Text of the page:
Despite the job market upheaval and intense competition for talent, there is a mismatch between the value that human resources executives and job prospects put on employee benefits, according to a new survey.
One in five workers surveyed said that health care and health insurance are a major factor when deciding to accept a job, compared with only 13% of human resources executives, according to the “2022 Health at Work” survey by Quest Diagnostics.
And when asked to cite the top two factors for attracting and retaining workers, 50% of employees cited comprehensive health insurance, making it the highest-rated factor. That’s compared with only 37% of HR executives.
While making more money was still the top reason for looking for new work, the results illustrate the importance of health benefits and that employers are not as tuned into their employees’ needs as they think they are.
But the one issue hanging over all employee benefits, particularly health insurance, is the costs. Employees are now expecting employers to do more to control these costs, particularly as premiums are expected to increase as more people are dealing with chronic conditions and delayed treatment due to the COVID-19 pandemic. That should be a wake-up call for employers.
Here are some of the approaches that employers are taking:
Pay a fixed amount to an employee’s total premium — In this scenario you agree to pay a set amount towards the premium regardless of which plan your worker chooses. If they choose one with more generous benefits and lower out-of-pocket costs, they’ll pay more out of pocket than if they choose a plan with a lower premium. You can choose either a flat rate or a specific percentage of total premium.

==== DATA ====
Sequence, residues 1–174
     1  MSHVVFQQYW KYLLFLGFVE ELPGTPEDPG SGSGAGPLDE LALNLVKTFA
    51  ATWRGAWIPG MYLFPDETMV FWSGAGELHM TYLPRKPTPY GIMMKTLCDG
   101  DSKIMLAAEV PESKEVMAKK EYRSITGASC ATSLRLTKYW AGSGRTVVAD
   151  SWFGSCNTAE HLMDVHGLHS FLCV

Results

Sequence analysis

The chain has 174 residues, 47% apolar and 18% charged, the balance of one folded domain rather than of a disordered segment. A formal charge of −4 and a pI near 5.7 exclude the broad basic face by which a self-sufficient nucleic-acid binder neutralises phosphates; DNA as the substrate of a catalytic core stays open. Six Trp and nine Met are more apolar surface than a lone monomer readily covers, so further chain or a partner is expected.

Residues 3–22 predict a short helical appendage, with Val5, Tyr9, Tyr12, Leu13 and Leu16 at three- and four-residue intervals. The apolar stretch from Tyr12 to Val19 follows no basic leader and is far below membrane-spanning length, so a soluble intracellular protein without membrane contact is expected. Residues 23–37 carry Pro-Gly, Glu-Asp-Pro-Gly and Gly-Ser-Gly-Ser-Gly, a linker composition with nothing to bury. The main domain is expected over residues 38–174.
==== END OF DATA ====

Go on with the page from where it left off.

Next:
Offer narrow network health plans — Employees who sign up for these plans can only receive care and services from providers in the plan’s network. If they go out of network, it will likely not be covered and the employee has to pay for the costs out of pocket.
And because the network is narrow, meaning the insurer doesn’t contract with a number of different providers, premiums are usually lower, but still offer quality care.
Offer wellness programs — If implemented properly, these programs can help your workers improve their overall health through lifestyle change. There are a number of wellness programs with a focus on a variety of areas, such as smoking cessation, weight loss, exercise programs and activities, and health screenings.
These are all programs aimed at preventing disease and poor health, reducing the need for expensive medical care later.
Offer a telemedicine option — Virtual care services have exploded during the last two years and more plans are covering these services.
Offering telemedicine as part of your benefits package can lead to substantial cost savings as it allows your employees to access health care professionals when they need them, 24/7. This can reduce the chances of trips to urgent care facilities and emergency rooms, which are both costly.
Offer HDHPs — High-deductible health plans tend to be less expensive than other plans because they shift more of the cost to the employee, who pays out of pocket in exchange for lower premiums.
Typically, employers will arrange for workers to contribute a portion of their pay, pre-tax, into a health savings account, which they can later use to pay for health services and medicine. The idea is that your employees will use the money they save on premiums and deposit it into the HSAs, which have a number of benefits:
- Funds going into the accounts are not taxed,
- Withdrawals are not taxed,
- HSAs have an investment feature that lets account holders invest their funds, much like a 401(k) plan, and
- Employees can keep the accounts, and even move them between employers.